George Osborne carries the Budget box, March 2012. Photograph: Getty Images
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Mehdi Hasan on why Austerity isn't working -- but no-one in the government is listening

There's nothing wrong with saying "I told you so".

Yesterday I returned to London from a family holiday in the United States - where a small stimulus has led to a growing economy and 25 consecutive months of job growth - to discover that the British economy has now re-entered recession, after shrinking a further 0.2 per cent in the first quarter of 2012. Or, as the Tory-supporting Sun put it on its front page today:

Official: Dip's a double

Don't say we didn't warn you. In fact, don't say I didn't warn you.

If any further evidence was needed that austerity isn't working, that cuts don't work, that George Osborne is a "kamikaze chancellor", this is it. Critics of the New Statesman's economics editor, David Blanchflower, must feel rather foolish right now. Once again, Blanchflower and the Keynesians are vindicated while Osborne and the Austerians are humiliated.

Surveying the empirical evidence from across the continent, Yahoo finance blogger Henry Blodget put it best:

IT'S OFFICIAL: Keynes Was Right

Blodget explained:

Now, this is not to say that the global debt-and-deficit situation is not a huge problem. It is. It is merely to say that, of the two painful ways to work our way out of the problem – "austerity now" or "stimulus now and cuts later" – the second one seems more effective.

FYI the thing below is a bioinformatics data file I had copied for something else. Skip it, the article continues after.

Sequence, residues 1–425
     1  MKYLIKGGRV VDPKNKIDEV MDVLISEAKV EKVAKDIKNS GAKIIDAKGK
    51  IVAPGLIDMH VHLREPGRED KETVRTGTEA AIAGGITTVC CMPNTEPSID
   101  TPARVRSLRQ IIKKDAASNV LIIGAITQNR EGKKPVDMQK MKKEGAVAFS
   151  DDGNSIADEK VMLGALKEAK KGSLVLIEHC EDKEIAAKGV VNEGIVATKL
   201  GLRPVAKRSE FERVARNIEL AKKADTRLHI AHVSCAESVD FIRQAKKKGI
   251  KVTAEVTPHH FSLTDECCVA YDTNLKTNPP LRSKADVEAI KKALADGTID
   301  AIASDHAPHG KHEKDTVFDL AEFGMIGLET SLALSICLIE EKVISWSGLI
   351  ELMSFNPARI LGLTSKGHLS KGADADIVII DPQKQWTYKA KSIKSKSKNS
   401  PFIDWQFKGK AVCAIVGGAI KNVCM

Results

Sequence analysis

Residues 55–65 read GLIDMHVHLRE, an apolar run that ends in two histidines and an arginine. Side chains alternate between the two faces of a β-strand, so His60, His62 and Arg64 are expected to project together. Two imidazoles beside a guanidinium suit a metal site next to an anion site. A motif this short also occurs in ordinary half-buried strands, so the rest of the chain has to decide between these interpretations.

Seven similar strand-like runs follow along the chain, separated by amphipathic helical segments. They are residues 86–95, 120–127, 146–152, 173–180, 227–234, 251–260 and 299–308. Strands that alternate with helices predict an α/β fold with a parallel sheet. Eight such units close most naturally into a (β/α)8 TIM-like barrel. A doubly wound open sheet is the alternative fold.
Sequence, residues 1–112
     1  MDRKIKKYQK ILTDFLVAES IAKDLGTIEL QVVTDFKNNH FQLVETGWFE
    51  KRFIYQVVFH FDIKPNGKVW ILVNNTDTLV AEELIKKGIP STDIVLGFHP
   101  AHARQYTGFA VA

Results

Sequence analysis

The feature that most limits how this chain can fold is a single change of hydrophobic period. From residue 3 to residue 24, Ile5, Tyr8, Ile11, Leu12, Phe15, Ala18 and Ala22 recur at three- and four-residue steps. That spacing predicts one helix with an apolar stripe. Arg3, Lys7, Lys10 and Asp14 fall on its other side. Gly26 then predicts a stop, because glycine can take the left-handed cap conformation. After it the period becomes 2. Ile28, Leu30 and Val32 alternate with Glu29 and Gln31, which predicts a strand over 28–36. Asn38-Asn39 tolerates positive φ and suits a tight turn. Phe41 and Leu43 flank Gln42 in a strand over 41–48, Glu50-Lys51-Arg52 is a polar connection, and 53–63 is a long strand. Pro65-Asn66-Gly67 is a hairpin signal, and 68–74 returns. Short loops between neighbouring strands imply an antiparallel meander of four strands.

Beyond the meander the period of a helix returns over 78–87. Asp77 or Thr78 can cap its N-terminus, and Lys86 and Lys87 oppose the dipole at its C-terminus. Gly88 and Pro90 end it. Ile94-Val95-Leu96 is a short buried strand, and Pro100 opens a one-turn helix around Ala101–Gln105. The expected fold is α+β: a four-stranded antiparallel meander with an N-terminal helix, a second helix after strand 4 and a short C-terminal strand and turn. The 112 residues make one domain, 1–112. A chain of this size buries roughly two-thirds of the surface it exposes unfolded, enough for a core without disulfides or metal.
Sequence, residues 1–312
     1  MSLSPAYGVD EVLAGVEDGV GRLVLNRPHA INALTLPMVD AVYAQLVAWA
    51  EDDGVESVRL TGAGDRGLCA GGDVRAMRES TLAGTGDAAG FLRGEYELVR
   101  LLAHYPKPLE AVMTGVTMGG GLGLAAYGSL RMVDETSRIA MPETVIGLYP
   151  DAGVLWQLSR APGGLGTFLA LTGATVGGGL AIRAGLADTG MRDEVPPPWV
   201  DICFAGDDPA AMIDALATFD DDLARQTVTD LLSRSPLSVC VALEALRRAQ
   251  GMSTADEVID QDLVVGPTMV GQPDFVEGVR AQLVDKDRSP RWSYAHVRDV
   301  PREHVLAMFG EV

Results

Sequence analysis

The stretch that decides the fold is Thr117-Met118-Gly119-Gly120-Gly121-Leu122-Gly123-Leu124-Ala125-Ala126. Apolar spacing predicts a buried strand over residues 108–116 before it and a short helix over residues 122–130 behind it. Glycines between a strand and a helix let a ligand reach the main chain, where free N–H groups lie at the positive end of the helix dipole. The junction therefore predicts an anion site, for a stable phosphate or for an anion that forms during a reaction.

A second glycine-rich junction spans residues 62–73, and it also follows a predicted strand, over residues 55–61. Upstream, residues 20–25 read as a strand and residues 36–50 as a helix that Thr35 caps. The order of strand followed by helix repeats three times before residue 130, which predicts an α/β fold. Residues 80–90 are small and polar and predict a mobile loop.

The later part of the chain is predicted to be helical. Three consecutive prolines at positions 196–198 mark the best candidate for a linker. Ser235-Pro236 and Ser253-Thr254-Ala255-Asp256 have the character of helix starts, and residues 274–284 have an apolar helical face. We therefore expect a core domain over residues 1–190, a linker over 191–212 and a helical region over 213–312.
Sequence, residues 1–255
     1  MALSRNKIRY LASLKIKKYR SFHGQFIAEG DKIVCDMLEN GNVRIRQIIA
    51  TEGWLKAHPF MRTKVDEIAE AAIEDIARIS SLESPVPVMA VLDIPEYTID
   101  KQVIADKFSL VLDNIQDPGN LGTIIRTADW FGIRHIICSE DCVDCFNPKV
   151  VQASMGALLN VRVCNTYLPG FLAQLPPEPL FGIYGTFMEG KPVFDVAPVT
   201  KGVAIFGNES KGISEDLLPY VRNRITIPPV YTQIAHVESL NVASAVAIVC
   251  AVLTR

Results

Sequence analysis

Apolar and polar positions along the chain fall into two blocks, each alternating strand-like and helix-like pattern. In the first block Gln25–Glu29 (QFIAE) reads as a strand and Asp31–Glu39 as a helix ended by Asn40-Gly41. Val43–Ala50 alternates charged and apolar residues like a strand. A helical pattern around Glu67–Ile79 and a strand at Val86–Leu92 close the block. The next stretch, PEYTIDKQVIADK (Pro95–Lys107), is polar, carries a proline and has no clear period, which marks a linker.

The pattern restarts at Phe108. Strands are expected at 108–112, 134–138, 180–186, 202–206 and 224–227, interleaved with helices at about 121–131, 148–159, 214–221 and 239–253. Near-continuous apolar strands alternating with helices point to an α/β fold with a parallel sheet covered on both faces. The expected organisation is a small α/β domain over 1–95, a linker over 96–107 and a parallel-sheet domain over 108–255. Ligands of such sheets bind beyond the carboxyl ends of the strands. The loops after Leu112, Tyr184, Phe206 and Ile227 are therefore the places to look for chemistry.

In other words, based on the experience of the last five years, it seems that Keynes was right and the Austerians are wrong.

As I said, none of this should really come as a surprise to anyone as all of this was predictable - and predicted. As Paul Krugman has noted:

It’s important to understand that what we’re seeing isn’t a failure of orthodox economics. Standard economics in this case – that is, economics based on what the profession has learned these past three generations, and for that matter on most textbooks – was the Keynesian position. The austerity thing was just invented out of thin air and a few dubious historical examples to serve the prejudices of the elite.

And now the results are in: Keynesians have been completely right, Austerians utterly wrong – at vast human cost.

But the Austerians won't give up without a fight. They seem to have two tactics. The first is to blame the lack of growth on anything other than the cuts - be it the euro crisis, the weather, health-and-safety regulations, the family dog, etc, etc. Yesterday I tweeted this quote from City AM editor Allister Heath, from June 2010:

The years ahead will be very tough - but there will be no double-dip recession made in Downing Street.

Heath responded with this tweet:

Unfortunately, I underestimated this government's competence and commitment to supply-side reforms. They haven't delivered.

Good of him to say so. But "supply-side reforms"? Er, the UK economy, like the global economy, is suffering from an epic lack of demand. Households aren't spending, banks aren't lending, companies aren't investing. "Red tape" isn't what's behind the record rate of unemployment or the absence of growth and confidence. The main reason why the UK economy contracted in the first quarter of this year is because there was a 3 per cent decline in the construction sector - driven, of course, by the Chancellor's crazy decision to slash capital spending.  

Even Heath's fellow Austerian, the Telegraph's Jeremy Warner, grudgingly acknowledges this point today at the end of a desperate if heavily caveated defence of Osbornomics and "consolidation":

When companies won’t borrow to invest, there’s a strong case for governments to do so in their place. And yet when you look at where the axe is falling hardest, it is on government investment – spending on schools, hospitals, roads, bridges, affordable housing, and so on. This is the easiest thing to chop, so that’s where the coalition has acted first.

In fact, this form of state spending should be doubled, tripled or even quadrupled. . .

Hear, hear!